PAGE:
I had an amazing experience last week. I was lucky enough to share the stage with the very energetic Suze Orman (thus the self-promoting image to the left) at Walter Reed Army Medical Center in Washington, D.C. But Suze Orman wasn’t the amazing part, despite being a very dynamic woman. And I wasn’t the amazing part.
Our Warriors in Transition were the amazing part. They are in transition because they’ve sacrificed their limbs and eyesight and hearing and sanity and dignity defending our country in Afghanistan or Iraq. And it was the honor of a lifetime to meet some of them.
Talking with these wounded soldiers changed the way I look at the daily problems I have. To summarize Nando Parrado, one of the “Alive” survivors, comparing his life now to 30 years ago when his rugby team crashed in the Andes, I don’t have problems, I have issues. Surviving 72 winter days at 14,000 feet with no food while those around you are dying from a plane crash, frostbite and starvation? That’s a problem. Returning from a tour of duty with no legs, no job and night terrors? Problems. Facing everyday issues like looming project deadlines, stock declines and even unemployment? Issues, and nothing more.
I don’t mean to devalue the difficulty of getting through tough times; I mean to keep them in proper context compared to actual troubles. It’s awkward using someone else’s difficulties to make ourselves feel better about the issues we face in our own lives. But I think that it is okay if we genuinely feel their pain and use it to give us perspective and inspire positive adjustments in how we live. And that is what I experienced at Walter Reed that I never fully understood just seeing it through the media — I felt our soldier’s pain, all the way to my bones.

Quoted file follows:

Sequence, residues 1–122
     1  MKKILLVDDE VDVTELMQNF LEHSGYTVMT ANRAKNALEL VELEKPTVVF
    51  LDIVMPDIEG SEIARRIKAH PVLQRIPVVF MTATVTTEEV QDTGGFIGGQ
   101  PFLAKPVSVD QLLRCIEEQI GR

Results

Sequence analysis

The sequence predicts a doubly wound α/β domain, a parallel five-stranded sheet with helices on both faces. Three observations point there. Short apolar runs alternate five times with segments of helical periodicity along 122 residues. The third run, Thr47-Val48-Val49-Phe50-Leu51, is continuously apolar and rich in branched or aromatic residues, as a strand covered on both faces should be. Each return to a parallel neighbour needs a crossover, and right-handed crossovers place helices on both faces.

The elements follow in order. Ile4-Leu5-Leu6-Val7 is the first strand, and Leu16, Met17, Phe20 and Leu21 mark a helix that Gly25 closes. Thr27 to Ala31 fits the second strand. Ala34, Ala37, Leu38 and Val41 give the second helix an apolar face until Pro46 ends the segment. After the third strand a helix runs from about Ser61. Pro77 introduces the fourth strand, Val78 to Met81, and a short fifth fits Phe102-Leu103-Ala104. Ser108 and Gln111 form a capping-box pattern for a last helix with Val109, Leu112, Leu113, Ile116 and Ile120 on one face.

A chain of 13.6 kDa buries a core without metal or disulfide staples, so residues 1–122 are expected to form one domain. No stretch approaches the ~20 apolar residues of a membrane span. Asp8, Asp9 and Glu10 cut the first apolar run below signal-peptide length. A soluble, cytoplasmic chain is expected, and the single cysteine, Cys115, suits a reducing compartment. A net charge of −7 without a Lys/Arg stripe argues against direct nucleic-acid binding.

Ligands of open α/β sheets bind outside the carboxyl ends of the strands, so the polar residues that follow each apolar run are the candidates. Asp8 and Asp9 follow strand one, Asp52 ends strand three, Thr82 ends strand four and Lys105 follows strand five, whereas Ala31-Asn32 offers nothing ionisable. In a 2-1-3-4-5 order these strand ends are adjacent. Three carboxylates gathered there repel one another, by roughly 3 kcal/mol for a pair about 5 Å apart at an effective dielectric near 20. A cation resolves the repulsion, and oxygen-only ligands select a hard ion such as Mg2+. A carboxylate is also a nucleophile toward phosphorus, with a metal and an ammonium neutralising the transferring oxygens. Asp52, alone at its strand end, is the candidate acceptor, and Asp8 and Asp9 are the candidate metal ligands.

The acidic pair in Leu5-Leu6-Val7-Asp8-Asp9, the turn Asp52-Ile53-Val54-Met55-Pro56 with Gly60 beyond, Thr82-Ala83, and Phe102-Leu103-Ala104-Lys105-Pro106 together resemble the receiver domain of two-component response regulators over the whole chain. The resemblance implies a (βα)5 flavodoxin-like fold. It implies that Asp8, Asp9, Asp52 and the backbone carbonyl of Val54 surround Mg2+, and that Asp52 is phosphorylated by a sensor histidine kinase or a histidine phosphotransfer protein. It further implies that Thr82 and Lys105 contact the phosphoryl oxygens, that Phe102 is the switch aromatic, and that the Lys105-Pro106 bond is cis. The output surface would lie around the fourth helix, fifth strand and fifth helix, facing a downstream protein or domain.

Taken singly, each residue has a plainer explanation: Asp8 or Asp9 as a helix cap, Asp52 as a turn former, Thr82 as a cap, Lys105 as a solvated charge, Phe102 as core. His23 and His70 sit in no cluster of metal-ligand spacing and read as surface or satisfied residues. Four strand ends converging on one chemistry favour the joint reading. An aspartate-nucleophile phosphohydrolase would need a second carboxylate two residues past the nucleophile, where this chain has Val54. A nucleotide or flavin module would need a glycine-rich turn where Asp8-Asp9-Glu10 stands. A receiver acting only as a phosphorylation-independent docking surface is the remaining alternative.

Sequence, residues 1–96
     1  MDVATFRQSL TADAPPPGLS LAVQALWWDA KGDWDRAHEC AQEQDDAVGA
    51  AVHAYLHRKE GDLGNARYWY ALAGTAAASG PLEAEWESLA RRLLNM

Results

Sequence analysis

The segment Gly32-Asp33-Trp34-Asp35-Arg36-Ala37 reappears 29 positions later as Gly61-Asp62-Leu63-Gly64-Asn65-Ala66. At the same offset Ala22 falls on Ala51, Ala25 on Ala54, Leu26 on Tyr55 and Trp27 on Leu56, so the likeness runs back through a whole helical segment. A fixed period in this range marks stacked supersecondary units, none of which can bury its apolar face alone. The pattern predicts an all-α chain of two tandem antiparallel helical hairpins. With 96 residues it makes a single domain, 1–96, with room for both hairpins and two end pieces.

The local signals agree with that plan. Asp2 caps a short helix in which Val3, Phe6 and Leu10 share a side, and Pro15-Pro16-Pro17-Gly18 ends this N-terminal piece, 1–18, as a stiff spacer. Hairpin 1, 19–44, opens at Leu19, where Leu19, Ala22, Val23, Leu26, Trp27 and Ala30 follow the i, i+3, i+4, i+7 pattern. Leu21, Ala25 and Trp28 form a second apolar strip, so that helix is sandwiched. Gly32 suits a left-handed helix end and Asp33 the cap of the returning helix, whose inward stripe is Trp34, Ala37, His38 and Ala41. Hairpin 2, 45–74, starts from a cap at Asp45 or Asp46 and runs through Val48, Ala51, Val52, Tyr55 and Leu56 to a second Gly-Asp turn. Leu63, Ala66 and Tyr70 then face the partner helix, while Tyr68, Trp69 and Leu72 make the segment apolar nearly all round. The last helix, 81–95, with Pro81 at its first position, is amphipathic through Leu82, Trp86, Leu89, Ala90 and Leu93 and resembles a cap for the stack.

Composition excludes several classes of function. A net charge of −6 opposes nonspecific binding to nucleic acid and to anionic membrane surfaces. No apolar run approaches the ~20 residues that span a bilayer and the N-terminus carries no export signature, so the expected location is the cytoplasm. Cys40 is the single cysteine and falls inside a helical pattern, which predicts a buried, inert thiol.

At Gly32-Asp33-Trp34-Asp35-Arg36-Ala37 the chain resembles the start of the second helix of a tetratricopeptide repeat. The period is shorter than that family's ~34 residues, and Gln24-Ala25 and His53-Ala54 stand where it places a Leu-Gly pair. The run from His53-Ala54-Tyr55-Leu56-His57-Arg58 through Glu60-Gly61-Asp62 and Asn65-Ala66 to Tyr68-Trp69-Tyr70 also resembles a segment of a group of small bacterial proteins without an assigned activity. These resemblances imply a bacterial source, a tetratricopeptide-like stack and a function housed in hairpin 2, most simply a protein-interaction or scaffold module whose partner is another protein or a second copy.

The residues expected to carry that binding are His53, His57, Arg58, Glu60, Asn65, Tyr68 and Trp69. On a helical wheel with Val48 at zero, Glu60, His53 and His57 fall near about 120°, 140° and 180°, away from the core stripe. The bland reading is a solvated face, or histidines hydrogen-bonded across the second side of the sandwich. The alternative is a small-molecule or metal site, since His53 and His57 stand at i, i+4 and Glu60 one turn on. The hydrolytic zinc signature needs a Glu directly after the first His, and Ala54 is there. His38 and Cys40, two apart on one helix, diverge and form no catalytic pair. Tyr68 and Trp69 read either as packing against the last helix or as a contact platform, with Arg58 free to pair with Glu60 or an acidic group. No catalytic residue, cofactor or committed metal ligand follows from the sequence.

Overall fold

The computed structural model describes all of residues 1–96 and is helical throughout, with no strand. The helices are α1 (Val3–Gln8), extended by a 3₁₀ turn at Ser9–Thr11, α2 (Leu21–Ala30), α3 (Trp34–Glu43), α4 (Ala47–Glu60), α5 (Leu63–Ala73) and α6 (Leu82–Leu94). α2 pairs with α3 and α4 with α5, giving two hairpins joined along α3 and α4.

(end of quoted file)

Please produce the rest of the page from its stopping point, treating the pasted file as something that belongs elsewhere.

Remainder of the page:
That’s what makes Walter Reed such a special place — they patiently and expertly transition each and every wounded warrior back into an entirely new life. They provide framework and support to turn troubles back into issues. And they do it well.
For me, Walter Reed will forever symbolize the depth and strength of the human spirit. It will give me context on how much hardship a person can take without breaking. And it will encourage me to share the burden of another person’s problems. Like a wheel-chaired wounded warrior told me shortly after my speech, “Enjoy those legs of yours for the both of us, brother.”
Brother, I will.
Professional speaker John Sileo shares his painful experiences of identity theft and data breach with audiences around the world that want to keep the issue of data theft from becoming bottom-line trouble. His clients include the Department of Defense, Pfizer and the FDIC. Contact John directly on 800.258.8076.